I love Springbank. It’s one of my favorite distilleries. It’s also one of the very few distilleries left in Scotland that embodies the “old school”, tradition-laden whiskymaking techniques that marketing departments elsewhere salivate over. … This can backfire, though. Most of the technological improvements in the whisky industry over the past 100 years have been implemented for the sake of consistency in the resulting whisky. …
Yet another of Diageo’s stable of “blending fodder” – some malt distilled at Lochnagar finds its way into Johnnie Walker (Blue, in particular) and Vat 69, but the majority of Diageo’s smallest distillery (smallest in output, that is) is now bottled as a single malt, including a Distiller’s Edition finished in Moscatel casks and an NAS Selected Reserve edition aged in sherry casks.
This bottle (which I would never pay $150 or even $130 for, FYI) is a single-cask limited release from the distillery (Cask 7352) which was distilled in 1994 from peated malt and then aged for 19 years (bottled in 2013). It was recasked into an oloroso sherry butt at some point (not mentioned on the label). The liquid was bottled at cask strength without added color or chill filtration, yielding a supple 53.2% ABV, which is (in my opinion) near the perfect strength for an undiluted expression…
This Old Malt Cask bottling spoke to me: younger Talisker (with an age statement!), purportedly aged in sherry, bottled at a potent 100 proof, and only $40. The malt was just one month shy of 7 years of age, and bottled in 2016 without added coloring or chill filtration. Only 361 bottles were filled out of this single sherry hogshead.
A no-age-statement (shock! awe!) vatting of various casks of Ardbeg including new (virgin) charred oak, Pedro Ximénez (PX) sherry, and first-fill bourbon. These are all dumped into a French oak “Gathering Vat” in the new “Gathering Room” at Ardbeg. Note that most other distilleries call this a “marrying vat” or “marrying tun”, but we’ll let them have their cutsey name. The result is bottled at the randomly-chosen 46.6% ABV without chill filtration.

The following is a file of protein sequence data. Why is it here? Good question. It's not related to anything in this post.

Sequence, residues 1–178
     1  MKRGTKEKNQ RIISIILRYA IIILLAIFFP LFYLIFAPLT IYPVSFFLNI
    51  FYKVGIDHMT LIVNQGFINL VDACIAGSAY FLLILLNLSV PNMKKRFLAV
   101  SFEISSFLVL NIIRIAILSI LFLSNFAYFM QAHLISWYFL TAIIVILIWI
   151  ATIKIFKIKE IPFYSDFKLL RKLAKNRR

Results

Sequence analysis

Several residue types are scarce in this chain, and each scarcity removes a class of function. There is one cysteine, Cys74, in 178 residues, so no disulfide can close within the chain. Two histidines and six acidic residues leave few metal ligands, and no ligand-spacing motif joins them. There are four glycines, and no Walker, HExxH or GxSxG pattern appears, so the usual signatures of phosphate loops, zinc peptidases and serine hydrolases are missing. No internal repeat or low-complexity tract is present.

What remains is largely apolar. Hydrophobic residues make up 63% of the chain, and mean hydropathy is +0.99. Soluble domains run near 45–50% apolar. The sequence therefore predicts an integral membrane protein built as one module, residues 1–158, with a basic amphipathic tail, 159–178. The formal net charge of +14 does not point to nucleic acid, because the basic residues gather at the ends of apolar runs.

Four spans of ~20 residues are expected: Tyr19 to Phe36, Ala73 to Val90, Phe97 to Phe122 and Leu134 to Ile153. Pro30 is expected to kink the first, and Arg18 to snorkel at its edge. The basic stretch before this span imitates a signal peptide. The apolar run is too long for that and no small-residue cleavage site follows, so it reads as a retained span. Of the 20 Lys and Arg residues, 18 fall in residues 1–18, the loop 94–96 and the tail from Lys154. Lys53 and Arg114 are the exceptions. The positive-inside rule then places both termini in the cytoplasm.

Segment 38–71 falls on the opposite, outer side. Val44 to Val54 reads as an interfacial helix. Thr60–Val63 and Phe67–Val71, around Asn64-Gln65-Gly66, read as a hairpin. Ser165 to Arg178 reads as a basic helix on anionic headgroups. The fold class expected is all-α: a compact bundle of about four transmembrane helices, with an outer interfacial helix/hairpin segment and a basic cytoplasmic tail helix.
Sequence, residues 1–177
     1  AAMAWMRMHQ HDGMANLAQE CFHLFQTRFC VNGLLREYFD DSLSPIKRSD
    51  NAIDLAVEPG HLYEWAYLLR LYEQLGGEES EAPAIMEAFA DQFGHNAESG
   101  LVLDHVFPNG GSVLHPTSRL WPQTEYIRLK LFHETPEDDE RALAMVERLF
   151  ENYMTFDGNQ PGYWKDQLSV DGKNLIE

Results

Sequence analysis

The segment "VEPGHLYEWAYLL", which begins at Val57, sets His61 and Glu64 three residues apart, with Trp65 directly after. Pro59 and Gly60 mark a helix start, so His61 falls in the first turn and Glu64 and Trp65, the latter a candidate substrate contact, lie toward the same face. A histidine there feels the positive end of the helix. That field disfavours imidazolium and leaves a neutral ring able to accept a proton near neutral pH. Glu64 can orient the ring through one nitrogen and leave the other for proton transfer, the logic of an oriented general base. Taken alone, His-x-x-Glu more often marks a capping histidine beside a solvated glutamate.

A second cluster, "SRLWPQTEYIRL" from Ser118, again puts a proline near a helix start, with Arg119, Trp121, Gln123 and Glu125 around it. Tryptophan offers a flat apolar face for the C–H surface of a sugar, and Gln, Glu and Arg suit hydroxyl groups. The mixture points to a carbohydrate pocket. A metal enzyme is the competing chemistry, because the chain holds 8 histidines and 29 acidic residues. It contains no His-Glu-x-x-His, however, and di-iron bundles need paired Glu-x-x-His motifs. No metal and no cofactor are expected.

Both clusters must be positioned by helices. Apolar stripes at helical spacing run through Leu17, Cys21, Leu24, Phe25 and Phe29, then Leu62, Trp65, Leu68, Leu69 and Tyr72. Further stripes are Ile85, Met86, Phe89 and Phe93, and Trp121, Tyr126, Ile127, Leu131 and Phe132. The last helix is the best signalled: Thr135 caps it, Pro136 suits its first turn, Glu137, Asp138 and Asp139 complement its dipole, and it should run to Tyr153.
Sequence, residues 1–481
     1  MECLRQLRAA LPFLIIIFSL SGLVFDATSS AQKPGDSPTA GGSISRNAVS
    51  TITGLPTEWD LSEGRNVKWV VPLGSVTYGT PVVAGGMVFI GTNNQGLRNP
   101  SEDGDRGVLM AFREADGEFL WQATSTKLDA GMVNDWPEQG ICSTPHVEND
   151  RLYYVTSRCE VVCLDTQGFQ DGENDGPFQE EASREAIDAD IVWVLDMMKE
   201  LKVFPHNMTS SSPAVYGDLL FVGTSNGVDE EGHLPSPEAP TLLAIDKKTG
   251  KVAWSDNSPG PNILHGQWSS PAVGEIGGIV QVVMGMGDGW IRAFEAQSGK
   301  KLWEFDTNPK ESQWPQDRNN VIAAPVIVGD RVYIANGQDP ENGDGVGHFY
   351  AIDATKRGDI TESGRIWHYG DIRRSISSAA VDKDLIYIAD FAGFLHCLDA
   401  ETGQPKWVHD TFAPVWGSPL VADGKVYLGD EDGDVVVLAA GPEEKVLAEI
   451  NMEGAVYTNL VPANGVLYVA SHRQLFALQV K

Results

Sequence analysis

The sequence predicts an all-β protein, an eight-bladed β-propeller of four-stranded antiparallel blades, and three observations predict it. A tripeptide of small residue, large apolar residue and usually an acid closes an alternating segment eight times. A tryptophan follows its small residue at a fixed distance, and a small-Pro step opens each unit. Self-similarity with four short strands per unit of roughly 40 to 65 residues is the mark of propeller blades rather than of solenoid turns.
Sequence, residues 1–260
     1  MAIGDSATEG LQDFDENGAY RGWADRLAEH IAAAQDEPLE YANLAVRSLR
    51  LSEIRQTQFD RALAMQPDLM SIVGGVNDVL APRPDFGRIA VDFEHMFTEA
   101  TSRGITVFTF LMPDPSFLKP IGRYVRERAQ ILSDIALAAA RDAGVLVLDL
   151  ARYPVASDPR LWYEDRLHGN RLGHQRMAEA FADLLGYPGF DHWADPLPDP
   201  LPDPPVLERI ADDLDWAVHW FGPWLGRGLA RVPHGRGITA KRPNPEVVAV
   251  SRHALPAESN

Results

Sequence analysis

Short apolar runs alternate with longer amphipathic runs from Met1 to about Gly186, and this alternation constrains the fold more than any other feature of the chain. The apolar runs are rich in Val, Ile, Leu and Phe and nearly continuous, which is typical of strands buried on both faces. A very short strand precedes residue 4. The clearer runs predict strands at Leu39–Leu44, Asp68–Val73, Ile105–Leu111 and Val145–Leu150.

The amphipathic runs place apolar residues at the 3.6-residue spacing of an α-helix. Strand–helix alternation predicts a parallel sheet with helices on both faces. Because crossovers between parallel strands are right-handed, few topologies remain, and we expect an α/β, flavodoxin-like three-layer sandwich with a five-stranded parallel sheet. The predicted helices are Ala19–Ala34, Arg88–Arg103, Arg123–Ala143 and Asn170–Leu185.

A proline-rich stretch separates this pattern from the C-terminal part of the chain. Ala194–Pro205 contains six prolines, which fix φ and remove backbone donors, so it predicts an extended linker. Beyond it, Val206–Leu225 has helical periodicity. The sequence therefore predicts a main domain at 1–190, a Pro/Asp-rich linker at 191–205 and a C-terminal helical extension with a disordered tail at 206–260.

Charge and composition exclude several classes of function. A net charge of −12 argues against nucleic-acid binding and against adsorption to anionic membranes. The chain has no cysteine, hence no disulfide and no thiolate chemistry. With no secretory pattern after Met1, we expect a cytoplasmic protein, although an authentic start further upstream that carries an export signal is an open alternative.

This bottle of Batch 57 caught my eye during my last trip to my favorite liquor store, and reminded me that I haven’t reviewed a batch of a’bunadh in awhile. Checking past posts I see that I’ve missed 15 (!) prior batches, as my last review was Batch 41. At a resounding 60.7% ABV, this is also the strongest a’bunadh I’ve tried. As always, this is aged exclusively in Spanish oloroso sherry casks, and bottled at cask strength with no chill filtration.
Strathisla (pronounced “strath-aye-la”) will go out of its way to remind you that it is the oldest continuously operating distillery in Scotland. Most of the output of the four small stills goes straight into Chivas Regal blends, and only a little of it sees distribution as a single malt. In fact, Chivas refers to Strathisla as the “heart” or “core” malt of its blends. … the 12-year is aged in an undisclosed combination of ex-bourbon and ex-sherry casks, reportedly with a higher percentage of sherry.
The 14-year Rich Oak uses an experimental finishing technique that appears to have been deemed enough of a success to launch it in 2010, although it still has not ventured Stateside. … Standard ex-bourbon aged Glenfiddich is re-casked after 14 years into a mixture of new Spanish oak and new American oak, for a brief finishing period of “up to” 12 weeks. This is apparently the first time any single-malt scotch has been finished in new Spanish oak.
Hazelburn 12 seems to have come into its own. It has funky, oily notes that lovers of Springbank will know well, but paired with honey and vanilla and pear instead of peat. A pleasant, floral-forward malt with a deep complexity.
Created in 1978 to compensate for a legal skirmish that took Johnnie Walker Red Label off of UK store shelves, it failed to recapture even a portion of that lost market share. … Whyte & Mackay master blender and celebrity whisky personality Richard Paterson re-formulated the recipe, likely a necessity since the blend now needed to be composed of whiskies available to W&M instead of the full Diageo stable. In early 2017 the brand was re-launched with new packaging.